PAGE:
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Work: A New Landscape

As governments announced lockdown across the world, 90% of office workers were suddenly forced to work from home overnight. Companies adapted quickly and went through an accelerated digital transformation, ensuring their collaboration tools and systems were efficient enough to support a remote workforce. The realisation that work was ubiquitous finally resonated with many organisations globally.

Post pandemic, companies are reassessing their property portfolios and wondering how much real estate they really need. So, if knowledge workers can work from home, what does this mean for the future of our workplaces? How will this impact real estate strategies, how we design and manage workplaces and generally our approach to work? And if we can all work from home, why even have an office?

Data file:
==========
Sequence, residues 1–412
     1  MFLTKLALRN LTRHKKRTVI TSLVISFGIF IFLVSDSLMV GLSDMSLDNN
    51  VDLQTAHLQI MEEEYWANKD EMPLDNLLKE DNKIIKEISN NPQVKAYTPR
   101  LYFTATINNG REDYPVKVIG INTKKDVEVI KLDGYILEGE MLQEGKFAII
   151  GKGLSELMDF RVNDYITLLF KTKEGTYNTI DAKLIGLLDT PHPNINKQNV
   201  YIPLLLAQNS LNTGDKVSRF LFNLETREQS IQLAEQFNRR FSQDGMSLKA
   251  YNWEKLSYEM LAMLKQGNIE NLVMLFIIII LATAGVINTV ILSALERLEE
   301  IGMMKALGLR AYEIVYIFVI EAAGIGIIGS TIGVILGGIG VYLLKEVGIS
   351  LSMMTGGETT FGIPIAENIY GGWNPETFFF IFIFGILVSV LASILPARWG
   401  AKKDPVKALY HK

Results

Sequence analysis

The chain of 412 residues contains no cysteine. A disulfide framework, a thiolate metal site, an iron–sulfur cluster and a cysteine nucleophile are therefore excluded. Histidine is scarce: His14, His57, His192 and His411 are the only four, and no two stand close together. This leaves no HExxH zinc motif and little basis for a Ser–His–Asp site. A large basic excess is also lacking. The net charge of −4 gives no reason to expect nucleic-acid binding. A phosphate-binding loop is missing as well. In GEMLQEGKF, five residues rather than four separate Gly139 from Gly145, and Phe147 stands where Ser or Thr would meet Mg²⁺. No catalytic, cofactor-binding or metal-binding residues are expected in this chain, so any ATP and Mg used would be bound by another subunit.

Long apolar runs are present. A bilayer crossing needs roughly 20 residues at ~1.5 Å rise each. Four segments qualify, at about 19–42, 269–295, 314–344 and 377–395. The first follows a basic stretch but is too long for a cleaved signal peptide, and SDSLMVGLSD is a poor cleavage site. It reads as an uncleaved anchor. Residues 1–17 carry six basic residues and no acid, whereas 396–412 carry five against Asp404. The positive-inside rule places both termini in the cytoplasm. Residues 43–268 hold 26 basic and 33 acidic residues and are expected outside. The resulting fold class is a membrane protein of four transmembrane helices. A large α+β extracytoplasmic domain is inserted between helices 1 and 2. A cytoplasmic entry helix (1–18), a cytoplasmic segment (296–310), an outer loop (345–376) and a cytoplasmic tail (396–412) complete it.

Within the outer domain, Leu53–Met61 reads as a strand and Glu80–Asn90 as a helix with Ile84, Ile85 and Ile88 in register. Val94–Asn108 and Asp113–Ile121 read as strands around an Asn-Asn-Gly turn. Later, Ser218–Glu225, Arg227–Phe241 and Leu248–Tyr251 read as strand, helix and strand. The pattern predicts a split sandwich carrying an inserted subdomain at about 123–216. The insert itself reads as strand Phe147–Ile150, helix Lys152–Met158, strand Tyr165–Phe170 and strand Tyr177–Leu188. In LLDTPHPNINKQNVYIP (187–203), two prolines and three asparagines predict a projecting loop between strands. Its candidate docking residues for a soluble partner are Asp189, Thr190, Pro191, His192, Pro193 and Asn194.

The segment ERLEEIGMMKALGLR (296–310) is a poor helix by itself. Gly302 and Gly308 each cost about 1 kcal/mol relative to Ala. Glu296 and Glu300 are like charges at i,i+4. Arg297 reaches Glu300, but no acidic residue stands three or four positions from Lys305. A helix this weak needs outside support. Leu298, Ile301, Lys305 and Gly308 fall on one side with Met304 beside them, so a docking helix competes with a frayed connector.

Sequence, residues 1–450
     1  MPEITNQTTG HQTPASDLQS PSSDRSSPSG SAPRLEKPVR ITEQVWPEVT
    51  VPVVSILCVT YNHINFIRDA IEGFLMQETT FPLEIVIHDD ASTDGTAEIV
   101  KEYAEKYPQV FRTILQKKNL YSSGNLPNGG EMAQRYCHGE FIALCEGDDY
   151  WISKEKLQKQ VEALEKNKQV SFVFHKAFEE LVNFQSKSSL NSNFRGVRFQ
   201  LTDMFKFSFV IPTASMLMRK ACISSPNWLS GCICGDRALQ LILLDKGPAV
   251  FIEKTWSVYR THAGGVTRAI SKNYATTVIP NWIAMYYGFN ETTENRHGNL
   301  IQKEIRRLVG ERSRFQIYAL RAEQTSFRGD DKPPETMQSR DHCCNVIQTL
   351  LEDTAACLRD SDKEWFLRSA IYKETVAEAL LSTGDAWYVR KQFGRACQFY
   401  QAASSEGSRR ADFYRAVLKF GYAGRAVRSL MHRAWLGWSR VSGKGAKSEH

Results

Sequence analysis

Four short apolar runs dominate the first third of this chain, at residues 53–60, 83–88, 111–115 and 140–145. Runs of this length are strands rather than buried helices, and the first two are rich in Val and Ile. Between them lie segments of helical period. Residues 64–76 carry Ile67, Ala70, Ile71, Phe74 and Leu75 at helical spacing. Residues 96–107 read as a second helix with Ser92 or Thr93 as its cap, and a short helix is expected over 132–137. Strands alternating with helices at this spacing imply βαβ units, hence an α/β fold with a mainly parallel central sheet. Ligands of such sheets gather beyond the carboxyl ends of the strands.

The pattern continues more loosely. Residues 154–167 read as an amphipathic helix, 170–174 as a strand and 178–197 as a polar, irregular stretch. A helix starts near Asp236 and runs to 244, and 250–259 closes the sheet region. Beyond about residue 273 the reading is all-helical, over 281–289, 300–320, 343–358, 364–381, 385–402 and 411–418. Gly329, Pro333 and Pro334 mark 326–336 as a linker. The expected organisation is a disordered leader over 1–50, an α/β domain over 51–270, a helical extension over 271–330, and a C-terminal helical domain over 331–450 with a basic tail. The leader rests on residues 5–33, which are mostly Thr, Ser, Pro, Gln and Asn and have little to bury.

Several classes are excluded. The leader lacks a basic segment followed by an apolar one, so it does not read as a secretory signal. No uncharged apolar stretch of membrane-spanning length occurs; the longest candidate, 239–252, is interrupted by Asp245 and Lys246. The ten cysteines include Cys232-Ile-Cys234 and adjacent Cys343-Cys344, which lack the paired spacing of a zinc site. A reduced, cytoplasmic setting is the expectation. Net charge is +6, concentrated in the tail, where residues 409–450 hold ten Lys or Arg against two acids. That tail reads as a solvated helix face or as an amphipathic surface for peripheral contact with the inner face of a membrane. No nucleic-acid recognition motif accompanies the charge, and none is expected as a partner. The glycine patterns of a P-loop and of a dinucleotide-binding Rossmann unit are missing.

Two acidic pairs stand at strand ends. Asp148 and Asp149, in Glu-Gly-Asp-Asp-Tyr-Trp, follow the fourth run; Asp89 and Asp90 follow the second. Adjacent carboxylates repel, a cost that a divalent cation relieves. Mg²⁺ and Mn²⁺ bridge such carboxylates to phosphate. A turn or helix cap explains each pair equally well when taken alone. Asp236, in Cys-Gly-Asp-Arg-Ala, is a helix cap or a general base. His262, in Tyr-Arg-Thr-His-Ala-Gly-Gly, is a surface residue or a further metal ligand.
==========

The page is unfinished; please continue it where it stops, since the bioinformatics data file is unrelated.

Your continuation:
This conversation is not new. The pandemic has simply accelerated changes that we have been discussing for years.

Workplaces with a purpose

The very purpose of the office providing serendipity and impromptu ‘water cooler moments’ with colleagues cannot be fulfilled by working from home.

Are workplaces the bedrock of company cultures? The number one search on company review website Glassdoor is company culture and is often a deciding factor when choosing a company. Workplaces fulfil our need for social interaction; they are places where we CONNECT, COMMUNICATE, COLLABORATE and LEARN.

Just like fans congregate at football stadiums, or religious communities at their place of worship, workplaces create a sense of community and belonging. A culture is built on shared values, having the right behaviours and a common purpose. We need places that support a positive culture and can bring people together for social interaction. Whilst the workplace is not the sole embodiment of a company culture, getting together in a physical environment certainly helps in building communities and giving a sense of belonging.